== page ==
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What's the Difference Between AT and ATX Form Factors?

What is the big difference between AT and ATX formats? The terms basically describe the shape and size of the motherboards, as well as the layout of the components on the board. The ATX is the most common today, rarely will you see the older AT format in the market. I'll provide an quick overview of each for those curious. The case and power supply must then match the type of motherboard you have chosen.

The AT Form Factor

Within the AT form, we have regular AT and Baby AT. They basically differ in size. An AT board is about 12" wide which means it can't fit in many of today's cases. AT boards generally are the older boards, 386 or earlier. Working inside the case was a lot more trouble with these because the size of the motherboard overlapped drive bays and such.

Baby AT is the form used by many boards and cases today, although it is phasing out to ATX. Many Socket 7 motherboards and a few Pentium II boards use this form factor. A Baby AT board is roughly 8.5" wide and 13" long. The size varies a little from board to board. This reduced size makes it easier to work inside the case simply because there is more room. There are three rows of mounting holes to hold the board in the case.

AT form boards share common traits. They all have serial and parallel ports attached to the case in an expansion slot and connected to the board through cables. They also have a single keyboard connector soldered onto the board at the back of the board. The processor is still at the front of the board and can sometimes get in the way of expansion cards. The SIMM slots are in different places, although they are almost always at the top of the board.

The industry is making moves away from the AT form factor, simply because ATX, discussed below, is much more advanced. There are some annoyances with the AT design. One is due to the layout. Since all ports are attached to the case and then connected to the motherboard via a cable, the board must have connectors for all of these: COM 1, COM 2, printer port, USB, PS/2 mouse, etc. Often these connectors are directly next to the IDE channel connectors and floppy drive connector. This leads to a severe cramping problem and makes working inside the computer more difficult.

Secondly, the AT design is not conducive to efficient cooling of the system. Air is not blown over the areas that need it, namely the CPU. Also, the air flow draws in dust. Over time, the AT power supply will get dusty and the inside of the system will be coated with a layer of dust. For this reason, it is recommended you regularly remove the case and blow off the interior of the case.

The ATX Form Factor

Many consider the ATX design a vast improvement over the standard AT design. It fixes the annoyances of the AT form. Since the AT form was so old, as new demands were placed on it from new technology, little problems began to show up. These problems are taken into account with the ATX format which Intel released in 1995. It was slow to catch on due to the long-time acceptance of the AT board, but slowly it gained popularity. Almost motherboards today are ATX. The AT form factor is rarely found today.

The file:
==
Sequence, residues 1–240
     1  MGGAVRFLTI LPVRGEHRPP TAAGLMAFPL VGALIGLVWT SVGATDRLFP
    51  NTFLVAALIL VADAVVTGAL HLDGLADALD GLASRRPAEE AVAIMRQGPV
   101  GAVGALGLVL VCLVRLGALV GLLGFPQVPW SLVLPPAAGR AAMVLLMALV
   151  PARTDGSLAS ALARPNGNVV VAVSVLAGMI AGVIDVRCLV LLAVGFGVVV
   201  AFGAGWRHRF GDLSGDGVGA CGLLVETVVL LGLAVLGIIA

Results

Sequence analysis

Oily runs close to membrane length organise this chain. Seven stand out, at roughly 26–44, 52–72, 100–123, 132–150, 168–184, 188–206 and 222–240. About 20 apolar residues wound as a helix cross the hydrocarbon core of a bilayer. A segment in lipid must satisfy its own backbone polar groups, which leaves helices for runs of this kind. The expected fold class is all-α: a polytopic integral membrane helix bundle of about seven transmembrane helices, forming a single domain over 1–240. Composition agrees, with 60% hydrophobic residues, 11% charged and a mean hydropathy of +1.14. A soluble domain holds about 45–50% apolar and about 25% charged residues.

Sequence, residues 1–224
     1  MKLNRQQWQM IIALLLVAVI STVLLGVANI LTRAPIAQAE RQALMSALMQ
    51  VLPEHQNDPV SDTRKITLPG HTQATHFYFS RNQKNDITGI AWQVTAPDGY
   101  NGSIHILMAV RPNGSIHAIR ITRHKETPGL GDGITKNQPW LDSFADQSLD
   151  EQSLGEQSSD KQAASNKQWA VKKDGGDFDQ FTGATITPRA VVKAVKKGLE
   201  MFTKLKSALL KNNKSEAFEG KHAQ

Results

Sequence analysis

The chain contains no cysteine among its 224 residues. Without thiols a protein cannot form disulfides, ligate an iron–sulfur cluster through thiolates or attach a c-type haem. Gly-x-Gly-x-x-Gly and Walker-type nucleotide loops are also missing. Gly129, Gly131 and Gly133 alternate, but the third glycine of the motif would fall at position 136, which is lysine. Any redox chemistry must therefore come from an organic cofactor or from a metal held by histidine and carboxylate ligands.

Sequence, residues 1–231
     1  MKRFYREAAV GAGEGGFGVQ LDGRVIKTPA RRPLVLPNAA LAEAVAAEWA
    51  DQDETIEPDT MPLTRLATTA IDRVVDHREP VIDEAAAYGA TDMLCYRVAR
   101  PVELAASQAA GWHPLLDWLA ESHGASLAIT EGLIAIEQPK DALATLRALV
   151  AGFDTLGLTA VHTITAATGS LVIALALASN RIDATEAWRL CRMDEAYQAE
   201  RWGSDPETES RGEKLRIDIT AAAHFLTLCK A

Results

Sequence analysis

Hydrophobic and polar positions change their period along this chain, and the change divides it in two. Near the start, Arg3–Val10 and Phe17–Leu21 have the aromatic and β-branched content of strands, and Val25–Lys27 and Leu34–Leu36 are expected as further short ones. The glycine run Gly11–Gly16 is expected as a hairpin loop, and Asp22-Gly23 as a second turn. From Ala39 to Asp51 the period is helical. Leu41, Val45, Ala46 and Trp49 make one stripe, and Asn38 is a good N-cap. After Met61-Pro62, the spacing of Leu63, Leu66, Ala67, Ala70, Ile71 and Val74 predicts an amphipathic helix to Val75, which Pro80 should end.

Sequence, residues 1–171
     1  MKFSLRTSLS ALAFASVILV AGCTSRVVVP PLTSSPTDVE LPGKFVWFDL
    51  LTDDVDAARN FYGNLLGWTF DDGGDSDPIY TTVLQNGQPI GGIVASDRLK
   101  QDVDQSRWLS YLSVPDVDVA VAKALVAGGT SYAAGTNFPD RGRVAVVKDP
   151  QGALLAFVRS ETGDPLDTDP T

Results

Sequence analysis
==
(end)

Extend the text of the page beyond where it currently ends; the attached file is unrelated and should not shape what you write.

Some advanced features of the ATX format:

  • Integrated I/O Connectors
    While the AT uses headers on the board that are attached to the actual ports on the back of the case, the ATX board has the actual ports built right onto the board. This makes installation easier and enhances reliability. This includes an integrated PS/2 mouse connector.
  • Reduced Overlap Between Board and Drives
    The ATX board looks like it is rotated 90 degrees so that it does not overlap the drive bays in the front. This way, one can reach the entire board instead of having to reach around a drive, or even remove the drive, in order to reach certain areas of the motherboard. This also reduces heat.
  • Reduced Processor Interference with Cards
    The processor is moved from the front of the board near the slots to the back, top of the board, near the power supply. This means that a user can install full-length expansion cards in the slot without having to worry about hitting the CPU or heat sink.
  • User-Friendly Power Connector
    ATX uses one 20-pin connector to attach to the motherboard. The ATX connector is also keyed so that it will only go in the correct way. This is easier than the two separate connectors of the AT form which look almost the same. It also gets rid of the problem of frying the board due to misplacement of the connectors on the motherboard.
  • Better Cooling Conditions
    The ATX power supply blows air into the case instead of out. This means that air blows out all the holes in the case and thus keeps dust out.
  • 3.3 Volt Power
    The ATX motherboard is designed to accept 3.3 volt power directly from the power supply. Since almost all modern processors operate at 3.3 volts, this removes the need for a voltage regulator on the motherboard to reduce the voltage from 5V to 3.3V. It must be noted, though, that many processors don't use this voltage, and therefore must use a voltage regulator anyway.
  • Automated Controls
    The ATX power supply is capable of being controlled through software and other means. This is because it always has a slight voltage going through it. This gives the computer the ability to turn itself on at specified times and perform some task given to it by the software. Some ATX motherboards have the option of turning the system on by pressing the space bar on your keyboard or being woken up by a command sent down through the LAN. Lastly, the shut down procedure is automated using ATX. When you choose "Shut Down", the computer will perform all shut down tasks, then turn itself off.